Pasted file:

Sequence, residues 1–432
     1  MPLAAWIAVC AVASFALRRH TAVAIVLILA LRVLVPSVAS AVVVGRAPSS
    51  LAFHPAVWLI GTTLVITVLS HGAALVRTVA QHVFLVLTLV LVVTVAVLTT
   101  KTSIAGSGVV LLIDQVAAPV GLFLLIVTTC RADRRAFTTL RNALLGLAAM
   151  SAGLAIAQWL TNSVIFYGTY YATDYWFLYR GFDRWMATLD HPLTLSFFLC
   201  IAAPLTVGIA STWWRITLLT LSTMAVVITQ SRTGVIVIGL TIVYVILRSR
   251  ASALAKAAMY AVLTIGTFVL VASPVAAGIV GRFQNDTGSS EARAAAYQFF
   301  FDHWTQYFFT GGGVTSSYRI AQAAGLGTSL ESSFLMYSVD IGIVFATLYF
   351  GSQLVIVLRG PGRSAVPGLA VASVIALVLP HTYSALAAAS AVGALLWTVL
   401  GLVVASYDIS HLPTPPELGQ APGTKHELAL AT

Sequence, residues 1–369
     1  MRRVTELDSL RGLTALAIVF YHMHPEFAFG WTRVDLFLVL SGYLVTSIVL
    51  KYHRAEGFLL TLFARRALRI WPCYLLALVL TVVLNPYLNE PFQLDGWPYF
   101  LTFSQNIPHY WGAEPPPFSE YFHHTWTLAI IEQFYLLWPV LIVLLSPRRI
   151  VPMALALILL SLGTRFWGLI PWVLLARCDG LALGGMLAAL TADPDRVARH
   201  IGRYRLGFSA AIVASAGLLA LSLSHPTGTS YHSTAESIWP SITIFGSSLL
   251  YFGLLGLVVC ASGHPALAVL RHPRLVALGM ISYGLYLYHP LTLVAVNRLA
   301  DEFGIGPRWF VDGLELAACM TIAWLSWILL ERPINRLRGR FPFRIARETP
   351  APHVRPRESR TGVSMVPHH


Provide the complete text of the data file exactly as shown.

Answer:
Sequence, residues 1–432
     1  MPLAAWIAVC AVASFALRRH TAVAIVLILA LRVLVPSVAS AVVVGRAPSS
    51  LAFHPAVWLI GTTLVITVLS HGAALVRTVA QHVFLVLTLV LVVTVAVLTT
   101  KTSIAGSGVV LLIDQVAAPV GLFLLIVTTC RADRRAFTTL RNALLGLAAM
   151  SAGLAIAQWL TNSVIFYGTY YATDYWFLYR GFDRWMATLD HPLTLSFFLC
   201  IAAPLTVGIA STWWRITLLT LSTMAVVITQ SRTGVIVIGL TIVYVILRSR
   251  ASALAKAAMY AVLTIGTFVL VASPVAAGIV GRFQNDTGSS EARAAAYQFF
   301  FDHWTQYFFT GGGVTSSYRI AQAAGLGTSL ESSFLMYSVD IGIVFATLYF
   351  GSQLVIVLRG PGRSAVPGLA VASVIALVLP HTYSALAAAS AVGALLWTVL
   401  GLVVASYDIS HLPTPPELGQ APGTKHELAL AT

Sequence, residues 1–369
     1  MRRVTELDSL RGLTALAIVF YHMHPEFAFG WTRVDLFLVL SGYLVTSIVL
    51  KYHRAEGFLL TLFARRALRI WPCYLLALVL TVVLNPYLNE PFQLDGWPYF
   101  LTFSQNIPHY WGAEPPPFSE YFHHTWTLAI IEQFYLLWPV LIVLLSPRRI
   151  VPMALALILL SLGTRFWGLI PWVLLARCDG LALGGMLAAL TADPDRVARH
   201  IGRYRLGFSA AIVASAGLLA LSLSHPTGTS YHSTAESIWP SITIFGSSLL
   251  YFGLLGLVVC ASGHPALAVL RHPRLVALGM ISYGLYLYHP LTLVAVNRLA
   301  DEFGIGPRWF VDGLELAACM TIAWLSWILL ERPINRLRGR FPFRIARETP
   351  APHVRPRESR TGVSMVPHH